• Clear the lines: Removing the water from the lines helps minimize the risk of freezing. If done well, the hot tub isn’t exposed to significant risk. To drain them, use a shop vac on the blow setting. Place the host into every drain and every jet, filter cavity, and other areas. Blow each one for at least 30 seconds. Blowing these helps move any water out of the hot tub.
  • Clean the hot tub: Use the manufacturer’s recommended clothes and sponges to clean the interior shell of the hot tub. Pay close attention to the area around the jets, but get into all of the edges well.
  • Cover the hot tub: It is typically a good idea to cover the hot tub after all the cleaning is done. Be sure you purchase a hot tub cover that fits snuggly to help keep debris and water out of the hot tub.

Winterizing a Swimming Pool

While many people hire a professional to handle the winterizing of their swimming pool, that’s not always necessary.

What is essential is spending some time cleaning, maintaining, and winterizing the pool so that you don’t end up with problems down the road. In addition, winterizing helps to prevent damage to both the pool and the equipment within it.

This process has some differences based on the type of pool you have (a saltwater pool, for example, may require different steps). However, here are the steps most pool owners need to follow to break down their pool for the season.

  • Clean it first: Remove the filter and clean it now. Use a high-quality filter cleaner to pull out as much debris as possible. You want to remove all risk of debris building up.
  • Remove extra pieces: If you have a ladder, drop-in steps, or other added equipment, take it down now. Be sure to properly clean and sanitize these before you store them away. Likewise, it is possible to leave a diving board or a slide in place, as long as you’ve thoroughly cleaned them (and you’ll cover them).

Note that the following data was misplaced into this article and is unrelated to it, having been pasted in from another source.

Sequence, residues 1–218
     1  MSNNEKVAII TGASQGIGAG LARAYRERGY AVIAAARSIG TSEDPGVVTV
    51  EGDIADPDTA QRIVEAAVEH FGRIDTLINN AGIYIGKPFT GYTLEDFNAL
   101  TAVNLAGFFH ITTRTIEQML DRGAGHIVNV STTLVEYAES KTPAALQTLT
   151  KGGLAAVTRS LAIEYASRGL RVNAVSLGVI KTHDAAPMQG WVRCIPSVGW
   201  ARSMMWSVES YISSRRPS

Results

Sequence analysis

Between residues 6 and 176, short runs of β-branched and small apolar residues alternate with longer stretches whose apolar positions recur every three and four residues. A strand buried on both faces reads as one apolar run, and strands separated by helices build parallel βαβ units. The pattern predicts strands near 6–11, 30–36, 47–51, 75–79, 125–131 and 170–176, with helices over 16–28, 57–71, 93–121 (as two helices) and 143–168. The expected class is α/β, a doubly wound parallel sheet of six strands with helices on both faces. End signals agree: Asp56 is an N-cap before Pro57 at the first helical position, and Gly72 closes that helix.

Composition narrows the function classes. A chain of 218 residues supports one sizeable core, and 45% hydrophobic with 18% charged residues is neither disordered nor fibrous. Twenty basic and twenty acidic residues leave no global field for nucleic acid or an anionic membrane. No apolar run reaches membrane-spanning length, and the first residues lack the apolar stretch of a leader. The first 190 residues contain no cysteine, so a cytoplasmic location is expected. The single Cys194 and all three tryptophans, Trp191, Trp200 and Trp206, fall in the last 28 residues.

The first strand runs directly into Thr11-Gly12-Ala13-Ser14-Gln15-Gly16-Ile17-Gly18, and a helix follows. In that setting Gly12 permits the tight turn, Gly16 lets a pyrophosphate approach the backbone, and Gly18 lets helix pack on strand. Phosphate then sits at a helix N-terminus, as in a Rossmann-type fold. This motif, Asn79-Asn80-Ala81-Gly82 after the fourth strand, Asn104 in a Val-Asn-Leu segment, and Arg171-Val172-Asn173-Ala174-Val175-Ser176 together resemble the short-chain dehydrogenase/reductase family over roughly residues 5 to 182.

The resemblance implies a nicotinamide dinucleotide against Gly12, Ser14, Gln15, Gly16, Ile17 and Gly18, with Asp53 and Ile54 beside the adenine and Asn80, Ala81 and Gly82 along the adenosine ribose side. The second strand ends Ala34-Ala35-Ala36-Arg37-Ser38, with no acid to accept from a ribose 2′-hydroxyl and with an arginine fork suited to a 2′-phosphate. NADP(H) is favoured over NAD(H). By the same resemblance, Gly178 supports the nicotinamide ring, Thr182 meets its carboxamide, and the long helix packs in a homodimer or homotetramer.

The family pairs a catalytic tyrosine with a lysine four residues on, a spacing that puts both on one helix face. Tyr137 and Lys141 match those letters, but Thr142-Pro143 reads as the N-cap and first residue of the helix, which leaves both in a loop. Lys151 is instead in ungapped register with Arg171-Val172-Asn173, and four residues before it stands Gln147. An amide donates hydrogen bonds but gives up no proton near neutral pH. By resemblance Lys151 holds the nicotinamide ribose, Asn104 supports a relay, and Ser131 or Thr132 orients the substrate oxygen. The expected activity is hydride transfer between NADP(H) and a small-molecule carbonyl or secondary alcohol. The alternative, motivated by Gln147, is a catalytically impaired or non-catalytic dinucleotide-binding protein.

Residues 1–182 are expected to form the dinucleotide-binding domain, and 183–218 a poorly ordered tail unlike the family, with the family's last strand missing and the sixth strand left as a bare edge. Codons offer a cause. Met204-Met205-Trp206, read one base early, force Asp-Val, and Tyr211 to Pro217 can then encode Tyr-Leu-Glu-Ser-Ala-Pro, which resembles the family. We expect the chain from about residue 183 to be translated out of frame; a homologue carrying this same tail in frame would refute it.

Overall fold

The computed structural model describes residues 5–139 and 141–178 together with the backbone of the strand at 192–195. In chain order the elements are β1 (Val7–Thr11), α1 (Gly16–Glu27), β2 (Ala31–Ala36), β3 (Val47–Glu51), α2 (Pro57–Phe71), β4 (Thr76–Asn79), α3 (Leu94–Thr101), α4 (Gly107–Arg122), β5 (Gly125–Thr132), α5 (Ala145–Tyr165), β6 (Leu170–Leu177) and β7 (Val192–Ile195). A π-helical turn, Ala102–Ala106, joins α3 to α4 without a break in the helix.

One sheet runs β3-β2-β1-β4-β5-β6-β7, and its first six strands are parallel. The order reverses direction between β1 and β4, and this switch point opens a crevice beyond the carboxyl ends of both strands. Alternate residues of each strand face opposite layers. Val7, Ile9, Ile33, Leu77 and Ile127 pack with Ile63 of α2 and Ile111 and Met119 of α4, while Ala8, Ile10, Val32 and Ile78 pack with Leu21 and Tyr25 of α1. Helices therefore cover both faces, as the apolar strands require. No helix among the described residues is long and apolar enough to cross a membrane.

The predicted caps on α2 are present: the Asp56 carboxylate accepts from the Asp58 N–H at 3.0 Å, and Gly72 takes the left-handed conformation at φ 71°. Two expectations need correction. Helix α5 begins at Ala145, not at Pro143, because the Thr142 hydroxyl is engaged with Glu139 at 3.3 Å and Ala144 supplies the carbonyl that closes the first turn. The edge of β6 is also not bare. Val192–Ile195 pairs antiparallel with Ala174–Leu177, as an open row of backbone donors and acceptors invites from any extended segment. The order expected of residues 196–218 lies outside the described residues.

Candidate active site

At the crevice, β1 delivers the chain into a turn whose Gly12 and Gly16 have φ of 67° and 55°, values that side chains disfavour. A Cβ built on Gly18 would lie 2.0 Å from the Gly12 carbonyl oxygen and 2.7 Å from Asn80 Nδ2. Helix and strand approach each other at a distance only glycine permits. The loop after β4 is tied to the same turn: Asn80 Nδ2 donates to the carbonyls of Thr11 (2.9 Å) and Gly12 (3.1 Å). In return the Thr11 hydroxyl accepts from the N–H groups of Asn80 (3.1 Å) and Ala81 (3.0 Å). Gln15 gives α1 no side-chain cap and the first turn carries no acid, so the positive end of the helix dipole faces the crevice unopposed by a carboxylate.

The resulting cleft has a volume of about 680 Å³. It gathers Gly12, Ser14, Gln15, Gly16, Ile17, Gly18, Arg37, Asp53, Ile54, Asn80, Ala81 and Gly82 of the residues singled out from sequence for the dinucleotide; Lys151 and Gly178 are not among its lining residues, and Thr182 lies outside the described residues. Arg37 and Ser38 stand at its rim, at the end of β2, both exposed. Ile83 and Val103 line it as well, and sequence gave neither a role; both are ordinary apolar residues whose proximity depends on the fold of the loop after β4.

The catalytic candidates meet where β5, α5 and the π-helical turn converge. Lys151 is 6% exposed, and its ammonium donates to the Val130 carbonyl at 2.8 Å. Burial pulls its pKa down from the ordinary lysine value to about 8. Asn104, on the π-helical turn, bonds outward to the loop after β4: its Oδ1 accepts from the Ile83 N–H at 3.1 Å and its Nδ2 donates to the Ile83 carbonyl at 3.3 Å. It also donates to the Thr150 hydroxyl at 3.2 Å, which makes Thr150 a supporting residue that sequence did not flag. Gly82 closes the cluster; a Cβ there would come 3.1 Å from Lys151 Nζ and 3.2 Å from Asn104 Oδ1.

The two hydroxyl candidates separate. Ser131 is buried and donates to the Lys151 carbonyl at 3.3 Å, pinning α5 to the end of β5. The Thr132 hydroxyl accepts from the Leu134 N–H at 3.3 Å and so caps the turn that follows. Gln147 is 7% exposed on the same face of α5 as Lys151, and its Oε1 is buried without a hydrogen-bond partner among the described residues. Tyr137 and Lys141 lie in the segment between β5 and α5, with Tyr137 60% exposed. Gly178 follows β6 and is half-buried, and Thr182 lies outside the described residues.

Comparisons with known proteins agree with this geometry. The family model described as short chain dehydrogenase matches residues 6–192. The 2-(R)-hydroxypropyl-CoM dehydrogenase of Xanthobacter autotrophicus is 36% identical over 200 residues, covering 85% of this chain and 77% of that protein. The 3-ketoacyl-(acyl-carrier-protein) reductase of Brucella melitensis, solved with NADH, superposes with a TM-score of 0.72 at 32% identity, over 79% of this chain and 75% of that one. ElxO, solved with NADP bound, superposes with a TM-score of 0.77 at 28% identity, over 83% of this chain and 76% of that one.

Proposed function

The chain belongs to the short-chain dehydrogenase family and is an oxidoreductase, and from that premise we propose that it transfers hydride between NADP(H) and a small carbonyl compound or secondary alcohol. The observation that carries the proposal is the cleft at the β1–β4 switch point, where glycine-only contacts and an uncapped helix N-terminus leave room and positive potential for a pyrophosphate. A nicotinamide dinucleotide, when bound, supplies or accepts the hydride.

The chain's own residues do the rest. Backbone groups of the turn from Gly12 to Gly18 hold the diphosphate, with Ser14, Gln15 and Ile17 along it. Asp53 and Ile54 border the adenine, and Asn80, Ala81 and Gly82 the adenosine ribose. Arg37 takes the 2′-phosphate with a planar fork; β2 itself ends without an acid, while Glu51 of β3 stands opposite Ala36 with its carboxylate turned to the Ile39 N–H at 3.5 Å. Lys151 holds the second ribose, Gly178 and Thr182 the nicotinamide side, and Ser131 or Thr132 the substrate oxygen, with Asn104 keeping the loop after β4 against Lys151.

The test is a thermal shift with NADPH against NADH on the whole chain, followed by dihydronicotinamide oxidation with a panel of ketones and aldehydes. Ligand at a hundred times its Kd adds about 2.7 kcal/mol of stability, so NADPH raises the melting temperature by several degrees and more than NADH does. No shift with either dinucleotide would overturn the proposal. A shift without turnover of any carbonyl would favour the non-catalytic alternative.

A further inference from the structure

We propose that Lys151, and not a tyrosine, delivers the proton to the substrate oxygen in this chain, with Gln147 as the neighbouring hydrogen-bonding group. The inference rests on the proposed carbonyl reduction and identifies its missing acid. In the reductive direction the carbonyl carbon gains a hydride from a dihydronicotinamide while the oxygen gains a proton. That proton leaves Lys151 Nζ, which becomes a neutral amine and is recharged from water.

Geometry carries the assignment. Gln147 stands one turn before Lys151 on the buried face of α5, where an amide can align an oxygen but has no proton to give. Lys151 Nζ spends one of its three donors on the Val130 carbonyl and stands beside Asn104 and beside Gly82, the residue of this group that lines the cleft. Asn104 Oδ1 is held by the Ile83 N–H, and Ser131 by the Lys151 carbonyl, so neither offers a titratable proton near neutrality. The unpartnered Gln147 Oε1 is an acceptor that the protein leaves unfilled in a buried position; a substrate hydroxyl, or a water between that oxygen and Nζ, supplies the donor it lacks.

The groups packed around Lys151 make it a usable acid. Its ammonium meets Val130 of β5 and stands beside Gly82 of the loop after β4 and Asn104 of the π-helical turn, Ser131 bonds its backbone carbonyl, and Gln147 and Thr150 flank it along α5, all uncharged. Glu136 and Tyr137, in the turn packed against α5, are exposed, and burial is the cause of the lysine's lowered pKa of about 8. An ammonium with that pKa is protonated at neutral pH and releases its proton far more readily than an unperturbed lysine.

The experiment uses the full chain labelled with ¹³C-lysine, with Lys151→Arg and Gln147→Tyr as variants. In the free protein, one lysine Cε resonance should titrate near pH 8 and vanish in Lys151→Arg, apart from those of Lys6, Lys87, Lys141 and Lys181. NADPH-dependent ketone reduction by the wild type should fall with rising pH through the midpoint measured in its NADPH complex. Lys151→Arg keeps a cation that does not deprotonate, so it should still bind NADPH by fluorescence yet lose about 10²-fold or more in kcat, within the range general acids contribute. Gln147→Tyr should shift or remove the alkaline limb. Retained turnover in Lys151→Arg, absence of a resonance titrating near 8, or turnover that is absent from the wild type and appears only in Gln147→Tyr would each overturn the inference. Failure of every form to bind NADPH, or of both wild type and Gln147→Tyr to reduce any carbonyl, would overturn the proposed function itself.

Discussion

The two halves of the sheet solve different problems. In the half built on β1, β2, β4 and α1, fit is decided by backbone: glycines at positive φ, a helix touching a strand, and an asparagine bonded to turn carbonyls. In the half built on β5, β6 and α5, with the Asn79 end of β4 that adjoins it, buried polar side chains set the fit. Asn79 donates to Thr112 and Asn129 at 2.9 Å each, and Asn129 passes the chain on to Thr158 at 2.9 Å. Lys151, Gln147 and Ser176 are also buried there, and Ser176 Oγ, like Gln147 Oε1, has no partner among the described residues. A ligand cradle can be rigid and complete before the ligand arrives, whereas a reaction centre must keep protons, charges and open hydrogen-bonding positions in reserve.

• Vacuum it out: Once you have all of the equipment out, you can start by vacuuming the pool. Be sure all of the dirt and debris are removed.
  • Treat the pool: Before you can drain the pool, you’ll need to treat it so that the water and filtration receive the proper care. Follow the manufacturer’s recommendations for the use of clarifiers and to adjust pH levels.
  • Drain the water: The next step is to drain the water, which you can do with the suction line control valve. It’s best to only do this with a designated vacuum line or the main drain. If you have a lock-in cover for it, drain at least 15 inches below that. Otherwise, it should be 18 inches below the top rails.
  • Minimize the risk of freezing: To do this, you’ll want to look at all plumbing lines, filters and pumps, lights, and the heater. Then, remove water from all areas using an air blower, similar to what’s described above with spas. The goal is to get all of the water out of every area possible.
  • Install a cover: Finally, place the cover over the pool and ensure it has a snug fit. That will help ensure everything stays out of the pool throughout the winter months.

Closing Down Other Areas of the Backyard

Look around your backyard to determine what else needs to be done to winter-proof your space. Here are some recommendations.

Preparing your lawn and garden for snow

Minimize damage to your lawn and garden with a few simple steps:

  • Remove all leaves and clean up all flower beds.
  • Run the lawnmower one last time, picking up all debris along the water.
  • Slow down the watering. Most often, you want to eliminate watering the law.
  • Place markers along the edge of the drive to know where the snow is.

Tucking away the BBQ

Depending on the type of grill or BBQ you have, you’ll need to take steps to protect it from the damage of freezing weather. Here are some steps:

  • Clean the grill inside and out well.
  • Next, remove all coals or materials from the grill.
  • Be sure to disconnect any fuel lines for it. Then, be sure to tuck these away to prevent damage.
  • Finally, place a cover over the grill to help prevent damage from winter weather.

Along with these tasks, be sure to clean up and put away any patio furniture you have. It’s always a good idea to clean away any debris from a firepit, and remove debris from your garden, too. Each of these steps helps to prevent damage to your home and your investments.